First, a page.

Court cases that sound like the weirdest fights
In the course of running a blog where I train neural nets to imitate human things, I have the fun of sometimes being introduced to things that I didn’t know very much about. Like knitting. Or crochet. Or the common names of mushrooms. Or the names of high school robot teams.
Blog reader Clark S introduced me to a new area: that of in rem jurisdiction cases.
What are these? One of the quirks of the US legal system is that in certain cases the court will set up a case against inanimate objects - something to do with the process of seizing contraband or dangerous goods. I still don’t really understand it. But the court cases are called in rem jurisdiction cases, and they end up sounding oddly like they’re asking which would win in a fight. Some of the strangest have included:
United States v. Approximately 64,695 Pounds of Shark Fins
United States v. 12 200-ft. Reels of Film
United States v. One Book Called Ulysses
United States v. One Tyrannosaurus Bataar Skeleton
United States v One Solid Gold Object In The Form Of A Rooster
Quantity of Books v. Kansas
South Dakota v. Fifteen Impounded Cats
Those are the real ones. The REAL ONES.
What would they be like when imitated by a neural net?
I used a neural net called GPT-2, which learned from millions of web pages. When I gave it the list above and asked it to add to the list (via talktotransformer.com), it tried to pick similar kinds of words and phrases, but didn’t know what things are likely to be seized by the US government.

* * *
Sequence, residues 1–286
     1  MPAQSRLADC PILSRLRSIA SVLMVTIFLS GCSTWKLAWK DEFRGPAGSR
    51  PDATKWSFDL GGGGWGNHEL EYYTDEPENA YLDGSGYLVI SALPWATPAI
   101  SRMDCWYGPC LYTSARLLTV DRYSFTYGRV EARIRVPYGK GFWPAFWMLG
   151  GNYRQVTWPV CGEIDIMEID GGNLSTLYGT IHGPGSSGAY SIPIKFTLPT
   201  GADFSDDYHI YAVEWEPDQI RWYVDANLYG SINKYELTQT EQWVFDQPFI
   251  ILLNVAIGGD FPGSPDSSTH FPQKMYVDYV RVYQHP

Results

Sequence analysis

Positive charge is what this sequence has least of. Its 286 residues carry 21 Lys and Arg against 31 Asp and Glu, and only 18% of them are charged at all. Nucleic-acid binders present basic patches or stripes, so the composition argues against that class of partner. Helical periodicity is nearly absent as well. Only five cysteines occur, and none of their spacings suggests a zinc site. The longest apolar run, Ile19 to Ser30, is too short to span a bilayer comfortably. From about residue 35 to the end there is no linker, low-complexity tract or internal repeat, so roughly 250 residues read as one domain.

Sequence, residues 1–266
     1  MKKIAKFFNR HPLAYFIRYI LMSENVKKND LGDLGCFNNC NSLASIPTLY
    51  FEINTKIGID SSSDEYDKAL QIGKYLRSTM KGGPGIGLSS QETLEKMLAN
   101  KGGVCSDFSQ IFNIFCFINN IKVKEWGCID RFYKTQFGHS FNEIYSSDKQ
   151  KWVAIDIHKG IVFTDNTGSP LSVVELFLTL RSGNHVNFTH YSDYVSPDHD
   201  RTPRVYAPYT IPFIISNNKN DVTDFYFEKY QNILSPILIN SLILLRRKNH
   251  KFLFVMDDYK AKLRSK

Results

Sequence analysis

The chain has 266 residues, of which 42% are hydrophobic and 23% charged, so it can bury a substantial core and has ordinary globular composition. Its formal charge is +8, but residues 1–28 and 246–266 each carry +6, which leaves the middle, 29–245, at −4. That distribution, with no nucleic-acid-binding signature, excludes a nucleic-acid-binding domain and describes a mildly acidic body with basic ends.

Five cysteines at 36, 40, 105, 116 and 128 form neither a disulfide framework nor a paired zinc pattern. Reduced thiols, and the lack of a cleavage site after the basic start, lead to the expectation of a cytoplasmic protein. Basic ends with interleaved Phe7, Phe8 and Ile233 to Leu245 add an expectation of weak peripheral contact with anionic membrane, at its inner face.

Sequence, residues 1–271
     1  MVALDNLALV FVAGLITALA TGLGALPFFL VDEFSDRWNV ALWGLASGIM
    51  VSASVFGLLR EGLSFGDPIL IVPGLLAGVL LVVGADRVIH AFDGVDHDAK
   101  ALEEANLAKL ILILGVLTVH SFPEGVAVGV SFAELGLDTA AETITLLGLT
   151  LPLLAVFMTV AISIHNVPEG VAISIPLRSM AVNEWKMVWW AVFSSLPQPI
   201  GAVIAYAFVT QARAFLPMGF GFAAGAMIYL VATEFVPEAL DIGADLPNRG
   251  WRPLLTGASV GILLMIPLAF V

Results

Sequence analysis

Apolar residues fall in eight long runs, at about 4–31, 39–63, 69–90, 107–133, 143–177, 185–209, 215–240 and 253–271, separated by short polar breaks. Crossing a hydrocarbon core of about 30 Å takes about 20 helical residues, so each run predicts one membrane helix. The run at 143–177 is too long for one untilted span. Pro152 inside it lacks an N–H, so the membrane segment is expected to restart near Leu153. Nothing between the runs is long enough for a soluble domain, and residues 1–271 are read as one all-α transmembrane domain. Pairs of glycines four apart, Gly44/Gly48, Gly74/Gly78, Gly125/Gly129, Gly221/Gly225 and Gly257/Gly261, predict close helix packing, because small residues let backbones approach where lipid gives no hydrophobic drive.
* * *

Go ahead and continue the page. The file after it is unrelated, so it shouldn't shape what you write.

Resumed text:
Texas v. One Small Dog With A Napkin Near It
South Dakota v. Eight Holes In A Rubber Floor
Tennessee v. One Picture of an Adorable Phantom of the Opera
Texas v. One Plate of Bread
France v. Three Odor-Producing Insects
United States v. An Overcrowded Hole In The Ground
United States v. Five Hundred and Twelve Otters
United States v. Two Packs of Filthy Watermelon Pretzels
South Dakota v. One Bobcat
There would be a story behind these, for sure.
These next few would probably fall under the Dangerous Goods category. Or maybe the Perfectly Normal Goods if Everything on the Internet is Real category. (As far as the neural net knows, everything on the internet IS real, because the internet training data is all it knows exists.) I did not try to illustrate them because, well
South Dakota v. Apparition At A Shoe Store
United States v. A Disturbing Weather Forecast (Beware of the Video)
United States v. One Shipping Package That Looks Like It’s Made of Stem Cells
West Virginia v. All Bone Servants From A Post Office Box
United States v. One Man With Numerous Footwide Gibberellic Organs
United States v. Several Floating Hoops
United States v. 90,877 Pounds of Human Hair
United States v. Approximately 213,187 Cattle Heads
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